Preparing our children for the changing nature of work—it’s gigs not jobs in the 21st century

Choose a job you love, and you will never have to work a day in your life — Unknown

Freelancing is the new gold, jobs are so old school! In 2018, a lot more people are making steady income from gigs. It is clear from this trend that it is more valuable to invest more in human capital development to remain competitive in the global economy. The way we view jobs has been radically changed.


This news is welcome to a lot of people who desire to be free from being fixed in an office space, this new frontier of freelancing offers a lot. It is scary for some people also; their safety nets have been their regular jobs. The key thing is having the necessary skillset.


I didn’t understand how big this change was until I noticed the shift among millennials from going after 9 to 5 jobs but focusing on what they term hustling in Nigeria, which means that they have side jobs (gigs) that they work on for extra income and how dependent they are on these.


It’s gotten to the point where more businesses in Nigeria and across Africa give their employees the opportunity to work from whatever location is desirable for them. These flexible work arrangements have been facilitated by technology making communication easier via messenger services where chat, voice and videos are available.

There are less fulltime jobs now, more part time, temp and freelance work is easily procurable. A lot of small business enterprises are fully dependent on flexible workers. Automation of jobs like secretarial work or inventory is on the rise. Highly skilled workers are more in demand than ever though.


Adjusting to these changes will be critical for navigating the future of work.
The International Finance Corporation (IFC), a member of the World Bank consortium is conducting a global survey of organizations, that will roll out in 2019, of forecasts for what skills the future of work will require and how employees can arm themselves consequently.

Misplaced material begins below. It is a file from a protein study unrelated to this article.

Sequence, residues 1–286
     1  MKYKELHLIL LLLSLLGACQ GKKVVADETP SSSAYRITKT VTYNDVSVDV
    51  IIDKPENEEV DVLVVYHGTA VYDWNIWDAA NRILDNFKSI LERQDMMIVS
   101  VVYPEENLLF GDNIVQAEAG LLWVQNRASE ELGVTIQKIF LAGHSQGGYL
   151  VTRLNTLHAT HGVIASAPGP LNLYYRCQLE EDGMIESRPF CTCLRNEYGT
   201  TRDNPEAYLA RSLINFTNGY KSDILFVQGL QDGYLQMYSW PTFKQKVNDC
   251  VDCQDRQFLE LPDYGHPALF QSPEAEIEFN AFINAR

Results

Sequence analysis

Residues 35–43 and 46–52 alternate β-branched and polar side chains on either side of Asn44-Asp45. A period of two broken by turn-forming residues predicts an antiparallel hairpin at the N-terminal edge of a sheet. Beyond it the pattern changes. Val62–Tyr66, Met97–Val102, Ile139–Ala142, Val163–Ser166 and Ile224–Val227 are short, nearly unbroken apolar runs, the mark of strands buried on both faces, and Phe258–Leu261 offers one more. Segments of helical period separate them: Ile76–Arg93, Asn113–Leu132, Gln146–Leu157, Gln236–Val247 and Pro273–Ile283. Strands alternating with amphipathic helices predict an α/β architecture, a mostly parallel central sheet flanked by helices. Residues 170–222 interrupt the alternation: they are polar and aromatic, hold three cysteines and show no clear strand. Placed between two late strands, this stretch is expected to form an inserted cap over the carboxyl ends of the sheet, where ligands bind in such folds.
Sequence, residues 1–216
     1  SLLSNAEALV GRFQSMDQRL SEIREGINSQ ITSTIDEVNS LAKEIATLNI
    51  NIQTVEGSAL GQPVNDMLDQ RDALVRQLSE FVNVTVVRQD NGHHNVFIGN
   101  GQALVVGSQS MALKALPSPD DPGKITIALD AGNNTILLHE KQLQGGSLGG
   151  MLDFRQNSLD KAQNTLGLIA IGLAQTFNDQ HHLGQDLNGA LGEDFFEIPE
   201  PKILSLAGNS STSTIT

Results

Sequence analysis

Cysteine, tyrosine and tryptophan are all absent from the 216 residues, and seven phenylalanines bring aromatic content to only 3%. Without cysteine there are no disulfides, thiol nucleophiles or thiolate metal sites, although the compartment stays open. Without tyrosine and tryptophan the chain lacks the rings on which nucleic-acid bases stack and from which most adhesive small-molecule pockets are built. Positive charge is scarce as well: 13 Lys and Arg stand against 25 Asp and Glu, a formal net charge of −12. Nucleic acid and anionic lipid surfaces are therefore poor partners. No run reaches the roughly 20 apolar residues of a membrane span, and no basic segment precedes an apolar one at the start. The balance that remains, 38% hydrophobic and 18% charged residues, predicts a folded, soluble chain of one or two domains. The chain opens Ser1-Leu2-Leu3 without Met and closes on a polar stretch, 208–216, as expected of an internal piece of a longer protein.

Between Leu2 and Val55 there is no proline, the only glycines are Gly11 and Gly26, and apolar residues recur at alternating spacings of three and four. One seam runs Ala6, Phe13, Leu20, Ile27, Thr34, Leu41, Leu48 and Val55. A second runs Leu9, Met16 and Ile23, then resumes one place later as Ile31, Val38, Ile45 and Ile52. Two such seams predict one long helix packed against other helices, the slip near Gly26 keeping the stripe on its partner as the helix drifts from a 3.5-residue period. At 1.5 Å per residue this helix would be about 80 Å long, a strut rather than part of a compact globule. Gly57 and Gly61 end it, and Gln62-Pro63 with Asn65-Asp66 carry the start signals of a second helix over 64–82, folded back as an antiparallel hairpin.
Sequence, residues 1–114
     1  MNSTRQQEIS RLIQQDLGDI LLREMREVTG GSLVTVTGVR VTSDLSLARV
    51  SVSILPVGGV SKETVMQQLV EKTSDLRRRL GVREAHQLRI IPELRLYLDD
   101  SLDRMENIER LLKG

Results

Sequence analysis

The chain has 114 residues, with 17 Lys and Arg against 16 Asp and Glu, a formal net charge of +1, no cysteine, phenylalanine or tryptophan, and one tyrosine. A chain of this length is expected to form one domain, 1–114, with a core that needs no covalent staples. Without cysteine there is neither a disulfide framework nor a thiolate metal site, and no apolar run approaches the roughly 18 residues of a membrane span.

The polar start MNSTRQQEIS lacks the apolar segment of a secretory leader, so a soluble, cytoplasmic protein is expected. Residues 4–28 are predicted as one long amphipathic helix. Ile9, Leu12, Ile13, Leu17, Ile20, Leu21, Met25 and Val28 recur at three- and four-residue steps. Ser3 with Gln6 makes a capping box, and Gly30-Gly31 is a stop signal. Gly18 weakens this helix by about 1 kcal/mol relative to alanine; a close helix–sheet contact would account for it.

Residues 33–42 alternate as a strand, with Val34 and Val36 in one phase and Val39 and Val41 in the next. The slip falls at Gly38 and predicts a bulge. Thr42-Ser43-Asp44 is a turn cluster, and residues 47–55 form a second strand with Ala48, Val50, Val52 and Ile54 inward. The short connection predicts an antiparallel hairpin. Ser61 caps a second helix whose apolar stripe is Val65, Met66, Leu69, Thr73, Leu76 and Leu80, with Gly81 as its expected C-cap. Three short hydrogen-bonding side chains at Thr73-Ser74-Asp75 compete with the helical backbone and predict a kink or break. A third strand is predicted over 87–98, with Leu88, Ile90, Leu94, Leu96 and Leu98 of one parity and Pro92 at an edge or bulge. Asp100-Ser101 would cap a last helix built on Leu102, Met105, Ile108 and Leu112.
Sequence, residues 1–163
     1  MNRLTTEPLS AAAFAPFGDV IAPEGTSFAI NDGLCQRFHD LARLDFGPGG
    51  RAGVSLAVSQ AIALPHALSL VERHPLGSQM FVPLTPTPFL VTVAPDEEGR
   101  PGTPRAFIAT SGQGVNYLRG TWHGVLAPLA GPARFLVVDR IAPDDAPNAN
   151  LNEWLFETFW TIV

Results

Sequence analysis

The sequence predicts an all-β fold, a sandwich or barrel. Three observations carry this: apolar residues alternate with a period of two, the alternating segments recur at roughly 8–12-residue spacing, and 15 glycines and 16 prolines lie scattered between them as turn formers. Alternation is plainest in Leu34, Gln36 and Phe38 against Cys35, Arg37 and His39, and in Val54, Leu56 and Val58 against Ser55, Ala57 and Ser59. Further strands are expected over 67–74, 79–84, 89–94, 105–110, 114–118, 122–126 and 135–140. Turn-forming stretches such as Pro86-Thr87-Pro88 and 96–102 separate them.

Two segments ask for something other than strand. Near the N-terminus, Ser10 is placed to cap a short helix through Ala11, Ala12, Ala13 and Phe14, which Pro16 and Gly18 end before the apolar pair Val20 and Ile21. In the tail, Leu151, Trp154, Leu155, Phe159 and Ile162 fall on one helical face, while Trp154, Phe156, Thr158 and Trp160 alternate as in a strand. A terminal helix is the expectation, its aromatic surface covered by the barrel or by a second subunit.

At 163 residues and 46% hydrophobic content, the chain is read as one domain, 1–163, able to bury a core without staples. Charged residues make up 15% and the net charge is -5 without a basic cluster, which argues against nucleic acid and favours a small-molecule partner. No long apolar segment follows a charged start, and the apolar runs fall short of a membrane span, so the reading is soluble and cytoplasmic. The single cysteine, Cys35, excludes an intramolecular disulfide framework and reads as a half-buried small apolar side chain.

There are a couple of suggestions culled from research and lessons from findings mulled upon at conferences focused on this issue.

Incorporate unconventional qualifications: More employers are focused upon skills not degrees. This has given way to acceptance of certificates for specific proficiencies. This is a fantastic way for economically disadvantaged people to empower themselves by taking free or cheap courses through lots varying learning programs that take less time to complete, such as online courses, nanodegrees, micro credentials and stackable credentials.

Focus on instilling life long learning: The World Economic Forum has stated that more than two thirds of the children starting school currently will end up working in jobs that don’t exist currently. Lifelong learning  is a necessity for economic survival; one thing that works to the benefit of millennials is that a lot of learning is digital now.

Entrepreneurship education should be embraced: As a freelancer; an element of risk is involved. Teaching our children to have an entrepreneurial mindset should begin early so that they are people who are able to be successful due to learning to manage risks.

Build resilience (grit) Teach grit: Psychologist Angela Duckworth is someone who I admire greatly for her ground-breaking research on teaching grit to children. This has been instrumental to a lot of the work that I do with children focusing on  long term. This is the capacity to stick for a long time to an objective is important in determining being able to thrive in a dynamic global economy.

Focus on STEM skills (21st century skills)-: These skills are an infusion of technical and non technical skills. These skills are problem solving, collaboration, critical thinking as well as numeracy, IT savviness are what the future of work would require.

Adetola Salau; Educator / Speaker / Author/ Social Entrepreneur / Innovator

She is an Advocate of STEM Education and is Passionate about Education reform. She is an innovative thinker and strives for our society & continent as a whole to reclaim it’s greatness. She runs an educational foundation with the mission to transform education.

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